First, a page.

Birch a higher burden of disease, and poverty reflected

 

Birch (2015) stated that a growing concern for the Australian economy is the
rising predominance of stoutness. Prior to the 1970s, several localized studies
suggested that Aboriginal and Torres Strait Islander (respectfully referred to
as Aboriginal hereafter) children had better oral health than their
non-Indigenous peers; although, a nation-wide generalization of this assertion
is not without dispute ( Schluter et al., 2016).
It is now generally recognized that Aboriginal children and adults have poorer
oral health, and poorer access to health care than their non-Indigenous
counterparts. There are many contributing factors including: the enduring
effects of colonisation, a higher burden of disease, and poverty reflected in
poor housing, lack of employment and reduced access to services ( Dudgeon et al., 2011). As
health professionals, we must look beyond individual attributes of Indigenous Australians
to gain a greater understanding and a possible explanation of why there are
such high rates of ill health issues such as alcoholism, depression, abuse,
shorter life expectancy and higher predominance of infections including
diabetes, coronary illness and weight in our indigenous population (Shepherd et al., 2012). However, they did lots of efforts to gain
their rights but many times they got very disappointed results. This essay will
highlight the main key factors that are responsible for the poor the health of
indigenous people and also overviews the practices made by them to obtain their
rights.

 

                                                             

First of all,
the major reason for the poor health of aboriginal people was the social and
economic status of indigenous people. At the
2001 Census, the unemployment rate for Indigenous peoples was three times higher
than the rate for non-Indigenous Australians ( Altman & Anne, 2010). Altman & Anne  (2010) described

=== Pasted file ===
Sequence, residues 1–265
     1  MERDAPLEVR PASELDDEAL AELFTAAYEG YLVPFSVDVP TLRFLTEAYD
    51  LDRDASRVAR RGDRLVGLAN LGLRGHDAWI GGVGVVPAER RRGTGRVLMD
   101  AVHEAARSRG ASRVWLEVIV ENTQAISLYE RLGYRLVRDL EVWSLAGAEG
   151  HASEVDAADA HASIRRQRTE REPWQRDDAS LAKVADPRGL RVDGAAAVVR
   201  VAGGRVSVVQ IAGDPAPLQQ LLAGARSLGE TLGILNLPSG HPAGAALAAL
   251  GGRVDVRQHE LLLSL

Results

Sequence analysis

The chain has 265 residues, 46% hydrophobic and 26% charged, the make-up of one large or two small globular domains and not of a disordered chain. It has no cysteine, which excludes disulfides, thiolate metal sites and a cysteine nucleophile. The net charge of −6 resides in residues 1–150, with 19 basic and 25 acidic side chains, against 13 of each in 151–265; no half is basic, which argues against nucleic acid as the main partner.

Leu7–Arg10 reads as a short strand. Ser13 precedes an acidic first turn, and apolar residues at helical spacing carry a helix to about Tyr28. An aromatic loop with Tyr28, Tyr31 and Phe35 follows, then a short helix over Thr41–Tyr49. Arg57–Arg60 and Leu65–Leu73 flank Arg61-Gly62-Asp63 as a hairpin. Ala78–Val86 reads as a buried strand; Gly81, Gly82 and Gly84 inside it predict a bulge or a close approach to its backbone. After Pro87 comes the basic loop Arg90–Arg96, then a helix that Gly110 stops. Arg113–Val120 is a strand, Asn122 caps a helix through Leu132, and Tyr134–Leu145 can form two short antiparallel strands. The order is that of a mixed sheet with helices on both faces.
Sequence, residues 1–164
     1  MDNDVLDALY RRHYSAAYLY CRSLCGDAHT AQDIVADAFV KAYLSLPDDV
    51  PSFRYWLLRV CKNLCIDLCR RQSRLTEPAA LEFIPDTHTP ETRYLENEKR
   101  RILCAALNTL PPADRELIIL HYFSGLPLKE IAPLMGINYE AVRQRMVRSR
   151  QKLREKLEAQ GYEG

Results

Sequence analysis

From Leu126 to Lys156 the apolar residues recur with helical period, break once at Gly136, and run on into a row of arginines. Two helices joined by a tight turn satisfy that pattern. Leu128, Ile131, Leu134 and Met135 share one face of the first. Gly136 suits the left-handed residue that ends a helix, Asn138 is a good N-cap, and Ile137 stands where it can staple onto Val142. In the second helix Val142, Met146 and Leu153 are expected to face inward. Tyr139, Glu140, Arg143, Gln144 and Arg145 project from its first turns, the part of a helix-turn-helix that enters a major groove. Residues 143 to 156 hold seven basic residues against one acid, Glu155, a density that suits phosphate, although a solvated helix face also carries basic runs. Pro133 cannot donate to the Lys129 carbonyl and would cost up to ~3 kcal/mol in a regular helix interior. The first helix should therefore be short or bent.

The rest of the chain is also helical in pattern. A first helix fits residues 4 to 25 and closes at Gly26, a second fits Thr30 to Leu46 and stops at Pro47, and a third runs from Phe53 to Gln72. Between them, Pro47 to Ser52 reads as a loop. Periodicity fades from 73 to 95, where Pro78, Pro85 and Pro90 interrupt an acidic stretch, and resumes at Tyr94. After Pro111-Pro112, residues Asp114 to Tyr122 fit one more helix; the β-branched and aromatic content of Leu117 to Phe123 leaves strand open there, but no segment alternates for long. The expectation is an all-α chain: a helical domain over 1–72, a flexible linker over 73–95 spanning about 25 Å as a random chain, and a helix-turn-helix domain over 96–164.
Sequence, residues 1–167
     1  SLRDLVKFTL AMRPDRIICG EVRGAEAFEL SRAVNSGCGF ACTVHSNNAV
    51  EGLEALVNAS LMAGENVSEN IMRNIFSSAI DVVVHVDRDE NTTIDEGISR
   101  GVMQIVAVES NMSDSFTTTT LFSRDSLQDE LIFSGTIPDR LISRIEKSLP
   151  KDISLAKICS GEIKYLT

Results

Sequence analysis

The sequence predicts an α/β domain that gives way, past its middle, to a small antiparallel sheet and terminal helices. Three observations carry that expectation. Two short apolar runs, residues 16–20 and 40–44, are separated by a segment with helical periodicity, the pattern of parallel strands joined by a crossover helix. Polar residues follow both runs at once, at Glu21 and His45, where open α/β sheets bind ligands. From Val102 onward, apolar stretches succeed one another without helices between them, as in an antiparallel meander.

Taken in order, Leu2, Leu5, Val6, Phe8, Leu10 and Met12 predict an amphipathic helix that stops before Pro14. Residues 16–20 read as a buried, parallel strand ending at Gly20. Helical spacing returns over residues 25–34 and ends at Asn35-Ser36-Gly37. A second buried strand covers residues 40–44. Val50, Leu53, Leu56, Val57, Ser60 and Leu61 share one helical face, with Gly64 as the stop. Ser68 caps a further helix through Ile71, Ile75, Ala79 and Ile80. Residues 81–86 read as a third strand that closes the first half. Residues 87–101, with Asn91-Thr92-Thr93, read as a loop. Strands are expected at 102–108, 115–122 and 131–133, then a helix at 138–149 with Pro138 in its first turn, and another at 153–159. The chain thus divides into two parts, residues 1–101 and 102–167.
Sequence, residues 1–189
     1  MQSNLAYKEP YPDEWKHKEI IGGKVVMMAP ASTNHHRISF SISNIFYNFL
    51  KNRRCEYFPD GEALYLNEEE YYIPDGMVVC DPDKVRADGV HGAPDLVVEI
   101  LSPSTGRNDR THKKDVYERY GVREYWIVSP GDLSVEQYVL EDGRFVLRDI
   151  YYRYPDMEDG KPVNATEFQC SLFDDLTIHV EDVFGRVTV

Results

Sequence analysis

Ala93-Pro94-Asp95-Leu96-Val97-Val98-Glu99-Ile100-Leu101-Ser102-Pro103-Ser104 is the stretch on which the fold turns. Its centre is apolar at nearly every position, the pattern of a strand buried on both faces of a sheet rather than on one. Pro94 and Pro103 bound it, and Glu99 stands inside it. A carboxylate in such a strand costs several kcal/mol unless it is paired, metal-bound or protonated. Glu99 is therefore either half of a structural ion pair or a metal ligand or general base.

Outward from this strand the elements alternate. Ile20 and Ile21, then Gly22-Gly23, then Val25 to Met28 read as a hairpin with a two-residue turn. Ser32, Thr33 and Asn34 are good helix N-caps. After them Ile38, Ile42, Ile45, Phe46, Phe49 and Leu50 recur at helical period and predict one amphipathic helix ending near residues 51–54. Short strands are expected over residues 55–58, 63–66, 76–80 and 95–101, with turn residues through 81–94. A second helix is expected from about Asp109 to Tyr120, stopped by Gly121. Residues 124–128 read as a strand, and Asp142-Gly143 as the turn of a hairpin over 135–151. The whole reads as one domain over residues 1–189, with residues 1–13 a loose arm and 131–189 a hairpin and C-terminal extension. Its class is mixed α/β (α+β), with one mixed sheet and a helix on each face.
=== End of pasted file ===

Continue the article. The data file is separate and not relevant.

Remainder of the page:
that at the
2001 National Census, the average gross household income for Indigenous peoples
in Australia was $364 per/week, or 62% of the rate for non-Indigenous peoples
($585 per/ week) which results in Poorer income reduces the accessibility of
health care services and medicines. Poor education and literacy are linked to
poor health status, and affect the capacity of people to use health information ( Altman & Anne, 2010). It was also
considered that overcrowded and run-down housing is associated with poverty and
contributes to the spread of communicable disease ( Green, 2014). Waterworth et al. (2015) depicted that financial factor
contribute to a greater burden of unhealthy stress and can impact on the body’s
immune system, circulatory system, and metabolic functions through a variety of
hormonal pathways and is associated with a range of health problems from
diseases of the circulatory system (notably heart disease), mental health
problems, violence against women and other forms of community dysfunction. The psychological distress created by economic hardship
reduced the capacity to focus upon health behaviour and increased the
propensity to engage in unhealthy coping mechanisms such as smoking and alcohol
use ( Waterworth et al., 2015). The WAACHS found that the
natural safety and the passionate and social strength of Indigenous youngsters
enhanced with confinement Children living in Perth had fundamentally poorer